After this I looked, and there was a vast multitude from every nation, tribe, people, and language, which no one could number, standing before the throne and before the Lamb. They were clothed in white robes with palm branches in their hands. And they cried out in a loud voice: 

Salvation belongs to our God, 
who is seated on the throne, 
and to the Lamb!

“From about two centuries earlier, palm branches had already become a national (not to say nationalist) symbol. When Simon the Maccabee drove the Syrian forces out of the Jerusalem citadel he was feted with music and the waving of palm branches (cf. 1 Macc. 13:51, 141BC), which had also been prominent in at the rededication of the temple (2 Macc. 10:7, 164BC)” (Carson, 432). The palm was also used on Judean coins (Carson, 432).

We see the crowds hymning praise from Psalm 118:25-26: Blessed is he who comes in the name of the Lord! Psalm 118 is the final Psalm of Hallel, here framing the praise of the Lord, Yahweh, the God of creation and covenant with thanks for his goodness demonstrated in covenantal love (118:1-4, 29). The good Lord loves his people and his unfailing convent love delivers them from death (118:5-7), is better than human deliverers (118:8-9), triumphs over enemies (118:10-18), opens wide the gates of righteousness (118:19-24), placing the rejected stone as the corner of his dwelling (118:22). The Psalmist sets his celebration in the context of the “day of the Lord,” the day of judgment on God’s enemies and salvation for God’s people. In this Psalm, we find the promise of the blessed one who comes in Yahweh’s name. Jesus comes in the name of Yahweh, not merely as a delegate, but as Yahweh himself, the Word who was with Yahweh and was Yahweh (John 1:1). 

The crowds add the phrase “the king of Israel,” confirming what John has already made clear in the narrative on the lips of an early follower of Christ: "'Rabbi,' Nathanael replied, 'You are the Son of God; you are the King of Israel!'” (1:49). 

John notes that Jesus finds a donkey and thus fulfills another messianic prophecy from Zechariah 9:9. This verse follows the word of Yahweh against the enemies of his people (Zech. 9:1-8). In contrast to Yahweh’s judgment of the wicked nations, Israel should not be afraid because as the beloved daughter of the Lord, the King will arrive on the colt of a donkey. Some interpret this to mean Jesus entered in humiliation, but the donkey was a sign of royalty in the ancient world. One writer called the donkey “the ‘Mercedes-Benz’ of the biblical world’” (Kenneth Way, Donkeys in the Biblical World, 87 in Klink, John, 538). He is the king who brings peace, as the next verse in Zechariah says, but peace purchased through triumphant judgment (Klink, John, 538):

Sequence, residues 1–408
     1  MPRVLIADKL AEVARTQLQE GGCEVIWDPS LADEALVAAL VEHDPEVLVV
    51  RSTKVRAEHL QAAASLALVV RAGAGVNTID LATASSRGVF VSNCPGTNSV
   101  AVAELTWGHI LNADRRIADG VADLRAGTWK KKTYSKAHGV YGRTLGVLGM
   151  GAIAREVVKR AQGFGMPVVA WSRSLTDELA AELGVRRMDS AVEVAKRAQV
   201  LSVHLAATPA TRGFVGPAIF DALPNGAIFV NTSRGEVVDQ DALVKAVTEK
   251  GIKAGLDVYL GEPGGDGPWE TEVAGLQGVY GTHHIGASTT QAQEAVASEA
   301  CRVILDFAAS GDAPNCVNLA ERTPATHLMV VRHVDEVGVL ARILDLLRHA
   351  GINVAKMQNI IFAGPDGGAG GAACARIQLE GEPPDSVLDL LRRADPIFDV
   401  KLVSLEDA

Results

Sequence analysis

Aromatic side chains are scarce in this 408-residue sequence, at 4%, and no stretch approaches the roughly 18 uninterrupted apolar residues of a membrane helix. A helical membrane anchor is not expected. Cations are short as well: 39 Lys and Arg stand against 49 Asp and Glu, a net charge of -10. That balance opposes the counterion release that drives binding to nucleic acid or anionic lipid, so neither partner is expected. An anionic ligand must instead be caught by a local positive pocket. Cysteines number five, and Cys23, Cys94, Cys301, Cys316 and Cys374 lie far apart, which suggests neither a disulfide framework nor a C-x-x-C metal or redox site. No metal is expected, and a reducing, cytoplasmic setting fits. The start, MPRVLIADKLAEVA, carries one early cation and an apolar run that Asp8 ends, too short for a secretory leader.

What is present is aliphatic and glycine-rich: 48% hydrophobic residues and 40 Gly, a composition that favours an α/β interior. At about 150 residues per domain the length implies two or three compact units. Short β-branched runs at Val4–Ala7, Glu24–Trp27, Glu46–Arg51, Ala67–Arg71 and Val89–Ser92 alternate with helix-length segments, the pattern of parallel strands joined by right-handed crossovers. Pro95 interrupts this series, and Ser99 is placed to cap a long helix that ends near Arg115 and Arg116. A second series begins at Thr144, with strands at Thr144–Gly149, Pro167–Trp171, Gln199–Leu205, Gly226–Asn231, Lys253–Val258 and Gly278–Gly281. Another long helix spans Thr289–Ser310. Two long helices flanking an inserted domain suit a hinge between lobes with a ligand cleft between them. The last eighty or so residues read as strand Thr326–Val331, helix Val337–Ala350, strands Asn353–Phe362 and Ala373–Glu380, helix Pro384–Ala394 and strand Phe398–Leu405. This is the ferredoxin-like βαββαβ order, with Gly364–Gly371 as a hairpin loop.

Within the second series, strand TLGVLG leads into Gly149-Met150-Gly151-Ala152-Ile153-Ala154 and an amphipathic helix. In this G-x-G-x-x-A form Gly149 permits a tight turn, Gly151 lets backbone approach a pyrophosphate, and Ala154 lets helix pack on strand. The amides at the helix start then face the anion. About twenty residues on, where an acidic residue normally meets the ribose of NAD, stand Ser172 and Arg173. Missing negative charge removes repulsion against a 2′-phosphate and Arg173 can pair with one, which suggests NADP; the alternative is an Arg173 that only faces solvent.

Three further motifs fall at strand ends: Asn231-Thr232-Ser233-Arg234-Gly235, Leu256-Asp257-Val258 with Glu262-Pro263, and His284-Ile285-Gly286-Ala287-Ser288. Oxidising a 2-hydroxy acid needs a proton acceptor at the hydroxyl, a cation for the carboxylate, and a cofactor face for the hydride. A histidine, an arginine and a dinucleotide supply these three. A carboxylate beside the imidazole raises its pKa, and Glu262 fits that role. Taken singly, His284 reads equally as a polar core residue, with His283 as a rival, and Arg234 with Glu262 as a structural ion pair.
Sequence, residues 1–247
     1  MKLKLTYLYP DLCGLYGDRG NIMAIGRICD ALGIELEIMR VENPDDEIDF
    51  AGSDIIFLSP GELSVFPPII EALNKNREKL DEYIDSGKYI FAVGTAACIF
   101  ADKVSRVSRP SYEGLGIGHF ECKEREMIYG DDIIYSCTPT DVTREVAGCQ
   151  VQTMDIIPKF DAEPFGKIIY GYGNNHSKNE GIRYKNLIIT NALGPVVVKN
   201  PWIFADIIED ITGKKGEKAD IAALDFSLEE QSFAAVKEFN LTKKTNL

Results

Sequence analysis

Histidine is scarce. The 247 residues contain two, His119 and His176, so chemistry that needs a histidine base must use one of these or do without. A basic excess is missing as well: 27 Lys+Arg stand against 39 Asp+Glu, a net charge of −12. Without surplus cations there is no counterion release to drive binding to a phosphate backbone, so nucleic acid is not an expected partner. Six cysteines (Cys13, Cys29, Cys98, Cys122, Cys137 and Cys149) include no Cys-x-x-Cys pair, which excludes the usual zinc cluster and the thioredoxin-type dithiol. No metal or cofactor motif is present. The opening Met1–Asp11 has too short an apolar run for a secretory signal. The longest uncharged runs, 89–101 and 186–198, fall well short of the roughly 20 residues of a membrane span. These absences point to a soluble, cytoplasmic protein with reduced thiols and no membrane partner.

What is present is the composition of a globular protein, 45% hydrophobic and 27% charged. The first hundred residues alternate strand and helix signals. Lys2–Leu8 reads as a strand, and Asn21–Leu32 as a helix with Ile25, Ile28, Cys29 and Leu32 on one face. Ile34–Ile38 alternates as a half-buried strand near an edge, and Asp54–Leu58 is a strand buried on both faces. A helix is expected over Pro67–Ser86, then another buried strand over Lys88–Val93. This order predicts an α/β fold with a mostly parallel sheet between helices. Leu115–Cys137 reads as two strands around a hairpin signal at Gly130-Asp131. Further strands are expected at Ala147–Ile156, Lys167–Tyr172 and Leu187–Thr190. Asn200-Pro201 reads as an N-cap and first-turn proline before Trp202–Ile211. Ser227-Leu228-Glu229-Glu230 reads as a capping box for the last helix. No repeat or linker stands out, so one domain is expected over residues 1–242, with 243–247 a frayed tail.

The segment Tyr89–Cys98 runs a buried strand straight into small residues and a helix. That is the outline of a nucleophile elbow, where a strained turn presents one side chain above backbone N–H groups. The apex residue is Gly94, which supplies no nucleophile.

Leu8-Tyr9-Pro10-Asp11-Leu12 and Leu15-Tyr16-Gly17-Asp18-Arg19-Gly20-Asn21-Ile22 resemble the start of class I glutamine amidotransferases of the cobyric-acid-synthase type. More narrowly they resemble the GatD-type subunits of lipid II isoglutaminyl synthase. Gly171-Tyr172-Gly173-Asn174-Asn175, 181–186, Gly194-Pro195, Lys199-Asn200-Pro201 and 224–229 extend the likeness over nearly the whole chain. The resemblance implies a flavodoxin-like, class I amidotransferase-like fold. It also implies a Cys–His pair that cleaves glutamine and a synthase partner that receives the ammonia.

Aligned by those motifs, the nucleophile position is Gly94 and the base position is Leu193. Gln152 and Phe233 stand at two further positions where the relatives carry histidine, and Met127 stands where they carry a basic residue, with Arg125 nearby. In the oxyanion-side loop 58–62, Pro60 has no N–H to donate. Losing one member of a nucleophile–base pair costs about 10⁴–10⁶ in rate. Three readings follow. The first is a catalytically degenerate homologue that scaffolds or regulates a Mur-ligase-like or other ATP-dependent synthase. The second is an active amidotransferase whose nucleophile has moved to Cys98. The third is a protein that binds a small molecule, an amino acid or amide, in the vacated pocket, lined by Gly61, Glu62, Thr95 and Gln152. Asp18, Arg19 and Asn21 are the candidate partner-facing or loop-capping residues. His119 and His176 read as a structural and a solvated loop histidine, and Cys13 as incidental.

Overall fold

“I will cut off the chariot from Ephraim 
and the horse from Jerusalem. 
The bow of war will be removed, 

and he will proclaim peace to the nations. 
His dominion will extend from sea to sea, 
from the Euphrates River 
to the ends of the earth.” (Zechariah 9:10)

Like we said, John tells this story in less half the space of the other gospels, revealing the triumphant entry of the long-promised King. But John contributes uniquely the second half of this section, which calls us to wake up and see the glory. 

2. Wake Up and See the Glory (12:16-19)

His disciples did not understand these things at first. However, when Jesus was glorified, then they remembered that these things had been written about him and that they had done these things to him. Meanwhile, the crowd, which had been with him when he called Lazarus out of the tomb and raised him from the dead, continued to testify. This is also why the crowd met him, because they heard he had done this sign. Then the Pharisees said to one another, “You see? You’ve accomplished nothing. Look, the world has gone after him!”

Maybe it was the busyness, or the general celebratory air of the festival. Maybe they had seen crowds celebrate Jesus before. But the disciples didn’t understand the significance of the moment in the moment. The failed again “to comprehend the nature of Jesus’ kingship” (Carson, John, 434)—a crucified kingship. They witnessed here the emerging glory of the conquering King. They saw God fulfilled his prophetic testimony in real time. But only afterward, “when Jesus was glorified.” In John’s story, the moment of the glory of Christ arrived at the moment of the crucifixion of Christ. “Jesus replied to them, ‘The hour has come for the Son of Man to be glorified’” (12:23). The purposes of God often work this way: inside-out, upside-down, backward-forward. Christ radiates his eternal glory in his excruciating pain. The cross revealed his glory, and the resurrection vindicated that glory.